Catholic Transcript Magazine of the Roman Catholic Archdiocese of Hartford Connecticut

Tuesday, April 24, 2018

Jesus certainly knew what he was talking about when he said, "I praise you, Father, Lord of heaven and earth, because you have hidden these things from the wise and learned, and revealed them to little children. Yes, Father, for this was your good pleasure."

Whenever I read that quote in Luke’s Gospel, I’m grateful to be a simpleton instead of one of the great minds who has a list of degrees after his name and inhabits the rarefied world of MIT or Stanford or Harvard.

Just because I don’t have those credentials, of course, doesn’t mean I’m quick to grasp what Jesus had to say, but I think at least I have a better chance of getting it right.

Throughout my life, the people I’ve met who’ve had the greatest difficulty believing in God are often the ones who’ve had the greatest hostility when it comes to matters of faith. They’re generally the brightest, the proudest and the angriest, and these characteristics get in the way of accepting Christ.

So it came as no surprise to read recently in an Associated Press story that the renowned theoretical physicist Stephen Hawking, an avowed atheist, got headlines worldwide by saying, "There is no heaven or afterlife for broken-down computers [meaning our brains]; that is a fairy story for people afraid of the dark."

Hawking, who is 69 and almost completely paralyzed by motor neurone disease, was unequivocal in his assessment, and added that even though he’s not afraid of dying, "I’m in no hurry to die. I have so much I want to do first."

In his most recent book, Grand Design, he concluded that it was "not necessary to invoke God … to get the universe going." It was the standard atheistic grumbling we’ve all heard hundreds of times before, but because it came from Hawking, it had the smell of truth for many people. Unfortunately.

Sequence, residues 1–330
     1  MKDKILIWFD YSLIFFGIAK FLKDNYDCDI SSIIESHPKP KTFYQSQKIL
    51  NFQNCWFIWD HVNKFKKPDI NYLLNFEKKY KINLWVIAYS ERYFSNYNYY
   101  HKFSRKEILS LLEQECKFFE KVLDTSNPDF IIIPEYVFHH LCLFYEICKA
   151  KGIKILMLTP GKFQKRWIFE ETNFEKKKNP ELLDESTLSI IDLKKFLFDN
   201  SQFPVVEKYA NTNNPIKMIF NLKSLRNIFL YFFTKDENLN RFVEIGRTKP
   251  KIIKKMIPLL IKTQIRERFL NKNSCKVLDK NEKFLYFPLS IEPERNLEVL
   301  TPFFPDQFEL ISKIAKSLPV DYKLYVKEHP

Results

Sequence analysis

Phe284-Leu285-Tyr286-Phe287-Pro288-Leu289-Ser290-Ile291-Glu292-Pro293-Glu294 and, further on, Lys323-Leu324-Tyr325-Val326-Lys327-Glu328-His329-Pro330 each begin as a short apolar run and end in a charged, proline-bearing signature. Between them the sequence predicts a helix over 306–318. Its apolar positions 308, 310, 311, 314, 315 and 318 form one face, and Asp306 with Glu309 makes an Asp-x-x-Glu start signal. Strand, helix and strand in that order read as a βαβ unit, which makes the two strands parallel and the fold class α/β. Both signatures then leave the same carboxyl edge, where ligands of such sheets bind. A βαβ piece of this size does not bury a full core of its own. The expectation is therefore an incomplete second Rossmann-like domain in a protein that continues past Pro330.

Yes, Jesus knew what he was talking about. The learned and the wise are usually so impressed with themselves for being learned and wise that they have no need for God. Even worse, they don’t have the capacity to be humble enough to seek God with a sincere heart.

I’ve always believed that anyone who is having a crisis of faith or seeking God with an honest heart will get the answers if he or she asks for them. All you have to do is ask. The act of asking is a gesture of humility, and God readily provides answers for people who seek them with a sincere heart.

Some other people I’ve known categorically deny God’s existence because they’re angry over a tragedy in their lives, so they shut the door and won’t let God enter. There may have been a death of a loved one or some prolonged suffering that caused them to turn their backs on God and, in defiance, deny his existence.

No intellectual arguments or cosmological proofs will ever convince them of God’s existence because they’re not sincerely looking. They’re too busy being consumed by their resentment.

And then, there’s the case of the proud and arrogant, who are too impressed with themselves to concede the need for God. It’s no accident that pride was the first sin that caused Lucifer to turn away from God.

I’ve known people so consumed by pride (often because of their intellectual prowess) that they scoff at the idea of God and don’t miss any opportunity to ridicule believers.

Theirs is a lonely existence and, much like Hawking, they deride the people who believe, frequently disrupting dinner parties and social gatherings with their pompous pronouncements about the origins of the cosmos. They are always eager to debate anyone who believes in a power greater than themselves.

Sadly, many of them aren’t really interested in finding God. They’ve already shut the door. They remind me of the Psalmist who offered a piece of advice thousands of years ago that is just as valuable in the 21st century: "If today you hear his voice, harden not your heart."

 

J.F. Pisani is a writer who lives with his family in the New Haven area.